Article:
RAF Thornaby was opened in 1929 and was used as a fighter, bomber, and coastal command station. It was probably best known for its air sea rescue work and the development of the Thornaby Bag, an emergency bag dropped to downed aircrew at sea containing essentials such as food, drink, and cigarettes. The airfield closed in 1958 and the site was sold to the county council in 1962. The airfield is now covered in housing, retail and industrial buildings.
Thornaby was used just four times as a race track, in 1959 and 1960. Two different layouts were used, but little remains of either the airfield or the circuit. There is an old aerial photo of the airfield which has made accurate mapping of the circuits possible. Unfortunately it is protected by coyright, so I can't publish it here.
Thruxton, Hampshire | Track Length: 2.36 miles 3.79 km | Direction: Clockwise | Track Used: 1950-Present
Opened in 1942, RAF Thruxton was used by both the RAF and USAAF. The station was primarily a fighter base, but was also used for paratroop and glider operations, until its closure in 1946.
Motorcycle racing began at Thruxton in 1950, and cars followed in 1952. The circuit has had several configurations, but since 1968, a layout using just the perimeter road of the airfield has been used. The venue hosts a range of motorsports events including British Superbikes, British Touring Cars and Formula 3, though racing is restricted to just 12 days a year because of planning restrictions.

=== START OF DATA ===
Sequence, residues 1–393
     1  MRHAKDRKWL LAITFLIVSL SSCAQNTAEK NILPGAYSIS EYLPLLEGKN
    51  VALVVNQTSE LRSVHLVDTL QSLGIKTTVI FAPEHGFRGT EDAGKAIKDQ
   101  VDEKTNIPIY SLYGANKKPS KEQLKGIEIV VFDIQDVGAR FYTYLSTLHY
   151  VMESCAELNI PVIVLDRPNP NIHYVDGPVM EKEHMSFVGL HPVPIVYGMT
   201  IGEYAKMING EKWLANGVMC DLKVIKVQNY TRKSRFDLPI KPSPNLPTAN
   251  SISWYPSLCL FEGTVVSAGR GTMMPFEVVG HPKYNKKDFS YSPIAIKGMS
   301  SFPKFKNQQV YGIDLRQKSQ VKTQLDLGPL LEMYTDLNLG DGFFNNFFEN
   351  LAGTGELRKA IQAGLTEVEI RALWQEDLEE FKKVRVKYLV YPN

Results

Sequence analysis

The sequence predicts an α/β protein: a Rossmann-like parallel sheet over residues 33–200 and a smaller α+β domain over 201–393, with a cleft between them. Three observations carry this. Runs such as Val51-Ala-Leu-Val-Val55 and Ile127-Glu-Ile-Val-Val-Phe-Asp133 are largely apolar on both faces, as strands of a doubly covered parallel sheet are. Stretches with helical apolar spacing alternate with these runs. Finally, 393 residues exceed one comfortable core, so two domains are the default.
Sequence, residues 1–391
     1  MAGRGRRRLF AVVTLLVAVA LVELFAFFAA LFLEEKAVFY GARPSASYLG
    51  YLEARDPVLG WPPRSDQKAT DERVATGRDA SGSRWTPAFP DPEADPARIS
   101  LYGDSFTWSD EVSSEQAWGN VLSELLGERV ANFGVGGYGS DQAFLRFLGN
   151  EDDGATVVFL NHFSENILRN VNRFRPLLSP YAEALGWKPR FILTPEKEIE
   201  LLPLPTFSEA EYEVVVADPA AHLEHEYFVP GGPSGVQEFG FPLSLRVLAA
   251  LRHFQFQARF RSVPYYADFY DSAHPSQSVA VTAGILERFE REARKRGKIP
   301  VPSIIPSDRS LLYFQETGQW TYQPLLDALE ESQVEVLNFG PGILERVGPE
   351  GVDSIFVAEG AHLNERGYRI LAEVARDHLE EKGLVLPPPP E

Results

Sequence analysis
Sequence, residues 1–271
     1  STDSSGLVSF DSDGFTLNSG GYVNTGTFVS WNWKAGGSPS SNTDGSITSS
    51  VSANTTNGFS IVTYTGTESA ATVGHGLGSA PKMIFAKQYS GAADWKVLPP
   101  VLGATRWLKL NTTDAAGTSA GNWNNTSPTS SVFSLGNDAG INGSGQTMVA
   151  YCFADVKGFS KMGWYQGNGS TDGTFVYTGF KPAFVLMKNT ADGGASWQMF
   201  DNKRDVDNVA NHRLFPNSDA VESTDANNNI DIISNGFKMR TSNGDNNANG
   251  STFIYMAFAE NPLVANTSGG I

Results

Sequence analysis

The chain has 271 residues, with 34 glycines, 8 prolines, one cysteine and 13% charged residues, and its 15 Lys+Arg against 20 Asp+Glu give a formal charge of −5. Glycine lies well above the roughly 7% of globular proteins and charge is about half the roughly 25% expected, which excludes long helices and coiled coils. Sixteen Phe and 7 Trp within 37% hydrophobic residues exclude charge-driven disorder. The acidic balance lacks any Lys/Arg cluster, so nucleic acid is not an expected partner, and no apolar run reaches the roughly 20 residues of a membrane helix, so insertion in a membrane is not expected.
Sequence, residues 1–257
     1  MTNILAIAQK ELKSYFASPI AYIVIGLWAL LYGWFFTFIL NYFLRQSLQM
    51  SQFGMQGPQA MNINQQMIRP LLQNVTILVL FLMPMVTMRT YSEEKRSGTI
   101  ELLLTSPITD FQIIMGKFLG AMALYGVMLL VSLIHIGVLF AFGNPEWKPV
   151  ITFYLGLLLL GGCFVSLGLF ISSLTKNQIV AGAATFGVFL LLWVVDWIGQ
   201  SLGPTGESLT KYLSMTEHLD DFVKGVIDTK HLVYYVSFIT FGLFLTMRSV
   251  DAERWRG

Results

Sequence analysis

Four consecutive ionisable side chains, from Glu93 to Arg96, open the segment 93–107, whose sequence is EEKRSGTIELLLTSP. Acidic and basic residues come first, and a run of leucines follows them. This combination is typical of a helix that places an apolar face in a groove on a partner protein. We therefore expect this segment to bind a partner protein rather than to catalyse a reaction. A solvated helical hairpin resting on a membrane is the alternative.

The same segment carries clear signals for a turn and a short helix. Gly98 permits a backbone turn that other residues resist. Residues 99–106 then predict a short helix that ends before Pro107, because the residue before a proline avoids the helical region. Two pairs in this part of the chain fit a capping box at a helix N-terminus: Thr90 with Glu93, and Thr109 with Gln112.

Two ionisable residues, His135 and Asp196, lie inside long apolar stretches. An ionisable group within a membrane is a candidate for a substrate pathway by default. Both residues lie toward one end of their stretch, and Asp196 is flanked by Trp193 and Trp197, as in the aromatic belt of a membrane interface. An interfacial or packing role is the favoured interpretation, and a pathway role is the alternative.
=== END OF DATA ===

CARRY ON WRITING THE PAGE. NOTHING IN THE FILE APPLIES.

History of Thruxton
Fishwick, Scottish Borders | Track Length: 2.00 miles 3.22 km | Track Used: 1950-51
RAF Winfield was originally known as RFC Horndean, having been built as First World War landing ground. Upgraded in 1942, Winfield was a satellite station of RAF Charterhall. In fact the two stations were built together, manned together and operated as part of the same training programme. After the war the base became home to displaced Polish servicemen who famously brought with them a brown bear nicknamed Wojtek, who was actually officially enlisted as a private in order to provide for his rations and transportation.
Race meetings were held at the airfield circuit in 1950 and 1951, and an international event was even considered. However the site was still owned by the RAF, so the considerable investment required to bring the track up to standard was thought to be too risky. Racing then moved down the road to nearby Charterhall.